Consulting Specifying Engineer April 2015-CSE : Page 62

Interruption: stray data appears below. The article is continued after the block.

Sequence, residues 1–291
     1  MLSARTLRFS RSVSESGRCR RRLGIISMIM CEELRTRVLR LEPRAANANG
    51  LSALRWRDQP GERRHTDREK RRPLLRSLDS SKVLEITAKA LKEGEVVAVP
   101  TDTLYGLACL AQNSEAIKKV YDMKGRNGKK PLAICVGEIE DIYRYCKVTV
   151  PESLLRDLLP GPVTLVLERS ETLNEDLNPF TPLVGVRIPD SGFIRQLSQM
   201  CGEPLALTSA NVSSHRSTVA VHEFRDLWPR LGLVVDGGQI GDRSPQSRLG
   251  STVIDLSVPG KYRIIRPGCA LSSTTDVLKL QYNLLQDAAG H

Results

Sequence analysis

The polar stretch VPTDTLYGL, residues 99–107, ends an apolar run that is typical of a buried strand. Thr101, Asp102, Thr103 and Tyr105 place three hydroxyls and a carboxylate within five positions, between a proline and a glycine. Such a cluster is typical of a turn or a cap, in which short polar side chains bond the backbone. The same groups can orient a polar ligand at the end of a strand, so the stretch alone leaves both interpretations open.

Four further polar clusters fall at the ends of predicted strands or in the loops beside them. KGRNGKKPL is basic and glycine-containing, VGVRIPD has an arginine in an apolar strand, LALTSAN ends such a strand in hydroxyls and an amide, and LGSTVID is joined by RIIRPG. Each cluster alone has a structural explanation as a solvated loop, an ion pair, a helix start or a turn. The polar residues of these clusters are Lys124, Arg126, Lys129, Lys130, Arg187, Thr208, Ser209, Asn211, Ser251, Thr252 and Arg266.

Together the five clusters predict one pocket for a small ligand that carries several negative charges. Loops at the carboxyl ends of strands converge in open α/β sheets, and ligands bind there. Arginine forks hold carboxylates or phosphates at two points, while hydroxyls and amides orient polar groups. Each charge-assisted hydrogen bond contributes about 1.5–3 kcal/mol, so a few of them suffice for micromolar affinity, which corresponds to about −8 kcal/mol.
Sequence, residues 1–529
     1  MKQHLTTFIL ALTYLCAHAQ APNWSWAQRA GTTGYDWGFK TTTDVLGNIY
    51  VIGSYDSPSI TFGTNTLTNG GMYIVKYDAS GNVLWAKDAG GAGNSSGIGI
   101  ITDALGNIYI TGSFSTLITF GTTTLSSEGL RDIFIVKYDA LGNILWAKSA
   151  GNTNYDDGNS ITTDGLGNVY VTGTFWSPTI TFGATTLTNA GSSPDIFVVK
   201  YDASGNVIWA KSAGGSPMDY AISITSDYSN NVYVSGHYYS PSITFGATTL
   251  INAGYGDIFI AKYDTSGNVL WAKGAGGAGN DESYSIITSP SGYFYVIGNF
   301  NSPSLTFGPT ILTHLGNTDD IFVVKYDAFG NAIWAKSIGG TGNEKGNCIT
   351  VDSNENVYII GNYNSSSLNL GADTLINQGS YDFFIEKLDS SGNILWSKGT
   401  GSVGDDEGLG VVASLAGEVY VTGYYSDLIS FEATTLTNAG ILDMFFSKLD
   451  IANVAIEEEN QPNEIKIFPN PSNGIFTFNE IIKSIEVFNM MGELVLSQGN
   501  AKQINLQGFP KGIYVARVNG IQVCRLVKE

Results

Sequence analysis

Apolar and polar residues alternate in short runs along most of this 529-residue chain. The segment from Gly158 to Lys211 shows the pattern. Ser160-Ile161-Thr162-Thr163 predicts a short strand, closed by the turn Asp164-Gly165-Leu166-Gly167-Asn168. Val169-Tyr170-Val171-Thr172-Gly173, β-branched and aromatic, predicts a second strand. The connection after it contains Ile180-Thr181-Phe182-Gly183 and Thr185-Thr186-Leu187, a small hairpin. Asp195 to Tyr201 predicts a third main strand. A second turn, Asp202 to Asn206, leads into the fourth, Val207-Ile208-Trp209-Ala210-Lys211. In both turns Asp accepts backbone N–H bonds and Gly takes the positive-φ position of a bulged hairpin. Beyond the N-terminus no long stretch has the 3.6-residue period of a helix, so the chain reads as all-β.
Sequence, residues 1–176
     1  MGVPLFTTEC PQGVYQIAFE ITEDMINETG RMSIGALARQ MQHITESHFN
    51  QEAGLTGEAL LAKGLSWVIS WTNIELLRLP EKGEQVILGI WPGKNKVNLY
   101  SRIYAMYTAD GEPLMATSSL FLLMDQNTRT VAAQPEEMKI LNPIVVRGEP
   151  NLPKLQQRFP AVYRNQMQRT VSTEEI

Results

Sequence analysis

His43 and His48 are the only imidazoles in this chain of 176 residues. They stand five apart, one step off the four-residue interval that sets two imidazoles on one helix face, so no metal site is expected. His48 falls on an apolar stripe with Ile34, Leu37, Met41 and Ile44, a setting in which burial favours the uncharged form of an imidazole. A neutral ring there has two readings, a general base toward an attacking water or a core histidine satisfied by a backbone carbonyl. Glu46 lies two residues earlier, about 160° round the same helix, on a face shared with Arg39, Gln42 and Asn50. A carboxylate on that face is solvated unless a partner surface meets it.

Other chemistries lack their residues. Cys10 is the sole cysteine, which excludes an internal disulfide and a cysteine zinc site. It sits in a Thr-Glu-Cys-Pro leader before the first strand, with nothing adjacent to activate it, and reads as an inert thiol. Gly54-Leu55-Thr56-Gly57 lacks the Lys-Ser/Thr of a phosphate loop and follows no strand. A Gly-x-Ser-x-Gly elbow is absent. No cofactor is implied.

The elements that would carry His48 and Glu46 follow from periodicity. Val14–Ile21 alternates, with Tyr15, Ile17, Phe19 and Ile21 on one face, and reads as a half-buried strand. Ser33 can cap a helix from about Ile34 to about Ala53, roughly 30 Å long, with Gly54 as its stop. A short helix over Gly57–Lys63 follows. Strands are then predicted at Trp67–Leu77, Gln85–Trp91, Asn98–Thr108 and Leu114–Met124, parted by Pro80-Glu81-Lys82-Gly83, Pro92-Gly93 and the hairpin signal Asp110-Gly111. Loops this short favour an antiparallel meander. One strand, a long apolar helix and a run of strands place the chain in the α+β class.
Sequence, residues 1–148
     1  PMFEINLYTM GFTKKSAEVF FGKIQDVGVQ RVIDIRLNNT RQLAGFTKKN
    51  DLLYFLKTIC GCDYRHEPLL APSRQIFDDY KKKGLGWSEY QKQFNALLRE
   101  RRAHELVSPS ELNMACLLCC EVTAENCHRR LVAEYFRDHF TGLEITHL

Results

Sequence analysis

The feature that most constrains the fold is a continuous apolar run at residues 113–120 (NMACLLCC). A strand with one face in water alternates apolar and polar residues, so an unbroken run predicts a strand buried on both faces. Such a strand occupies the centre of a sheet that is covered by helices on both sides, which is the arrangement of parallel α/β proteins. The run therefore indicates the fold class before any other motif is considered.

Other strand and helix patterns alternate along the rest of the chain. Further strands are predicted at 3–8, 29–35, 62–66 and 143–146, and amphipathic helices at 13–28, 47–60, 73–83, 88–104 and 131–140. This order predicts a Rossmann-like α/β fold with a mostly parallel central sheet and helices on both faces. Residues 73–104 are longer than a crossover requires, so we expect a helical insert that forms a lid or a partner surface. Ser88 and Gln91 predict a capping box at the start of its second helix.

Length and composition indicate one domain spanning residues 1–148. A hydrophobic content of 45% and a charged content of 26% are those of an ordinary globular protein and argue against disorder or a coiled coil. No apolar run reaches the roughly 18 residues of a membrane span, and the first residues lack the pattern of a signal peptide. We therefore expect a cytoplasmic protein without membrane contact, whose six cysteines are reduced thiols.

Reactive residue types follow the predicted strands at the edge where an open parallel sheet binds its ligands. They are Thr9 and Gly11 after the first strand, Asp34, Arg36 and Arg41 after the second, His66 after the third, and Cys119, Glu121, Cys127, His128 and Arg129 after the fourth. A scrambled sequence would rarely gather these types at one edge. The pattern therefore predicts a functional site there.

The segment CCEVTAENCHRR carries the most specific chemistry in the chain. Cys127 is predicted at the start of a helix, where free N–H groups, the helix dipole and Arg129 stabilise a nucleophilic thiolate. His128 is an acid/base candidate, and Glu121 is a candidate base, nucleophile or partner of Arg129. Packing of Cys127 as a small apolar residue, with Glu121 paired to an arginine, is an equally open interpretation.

Integration: Lighting and HVAC systems the building that faces away from the earth’s equator. If every building was constructed in an anecdotal “vacuum,” then every building could be a long floor plate, with circula-tion spaces tolerant of temperature varia-tions along the south façade, fire stairs on the east and west ends of the building with no need for daylight, and a long façade variation be located where the sun is most problematic? Can the spaces that require the least light—that can have the smallest windows and use the least energy when blinds are closed—be located to the east and west where blinds will be closed daily at sunrise and sunset? After we assume the building has at least partially non-ideal orientation of low-e coating to limit infrared transmis-sion into a building, while still allowing proportionally more visible light indoors. Even when additional solar design tech-niques are employed, the benefits of coat-ings to tailor wavelength transmission can be valuable. Filtering wavelengths of light can improve the HVAC situation by limit-ing sun, but it can’t improve the issues of glare and requirements for window blinds. Selecting times of day also could be considered part of the status quo in many cases, although there is quite a range of methods by which solar impact on build-ings can be filtered temporally—running the gamut from user-operated interior window blinds to computer-controlled and motor-operated exterior louver sys-tems. The fallback lowest risk option is manually operated window blinds: people can always lower the blinds when needed, the cost and complexity of installation is basic, and if the shades are left down by occupants, the mechani-cal system doesn’t suffer, though electric lighting stays energized to compensate and counteracts much of the intention for the glass in the first place. If interior window blinds can be motor-ized and automated, it is a marginal improvement that the blinds are opened at least once a day, and admit useful vis-ible radiation (daylight) for most of the day until a person or an automated sensor closes the blinds—at the times that blinds must be down to prevent glare for work-place comfort and productivity. When simple blinds are internal, they might reflect a bit of infrared energy back through the glass outward to the exterior, but some of the heat has already been absorbed into the fabric or venetian blinds and transmitted through them to the building interior. If an automated motor-ized shading system can be moved to the building exterior, it can block as much infrared heat from the building at some times as it can block the visible glare at other times, and serve a more useful dual purpose. A more advanced and complex step is to combine automation for various times of day and seasons, with angular solar selectivity. Figure 4: At the Sacramento International Airport Terminal B, photographed by John Swain Photography, an external horizontal shading system reduces solar heat gains while also tempering direct sunlight for visual comfort in the ticketing hall. of windows for occupied spaces facing away from the equator. These theoretical buildings would also need to have all the beautiful landscape features and distant city skyline views in the same direction that the occupied spaces are getting their diffuse daylight from—if we want to avoid disrupting this idealized scenario. In the real world, buildings are limited to particular sites, with street frontage and size of lots impacting building shape; desirable views to natural or manmade landmarks in various directions (or avoid-ing undesirable views); and resulting in windows facing east, south, west, and north. Still, early design considerations prevail over engineering solutions. For example, can cafes, break rooms, lounges, lobbies, and other transient spaces with easier acceptance of glare and temperature 62 occupied spaces, how can we accom-modate daylight in a way that considers the best outcome for both lighting and thermal concerns? It becomes necessary to be selective about what portions of the sun’s radiation are admitted to the building. A building can select what wavelengths of sun to admit, at what times sun is admitted to each window, and what angles of sun to admit. Glazing and shading Selecting wavelengths could be con-sidered a part of the status quo approach. It is typical that in climates requiring multi-pane insulated glazing, the glazing is likely to have a low-emissivity coat-ing. In milder climates, a film or interlayer with particular reflectance and transmit-tance properties may take the place of Consulting-Specifying Engineer • APRIL 2015

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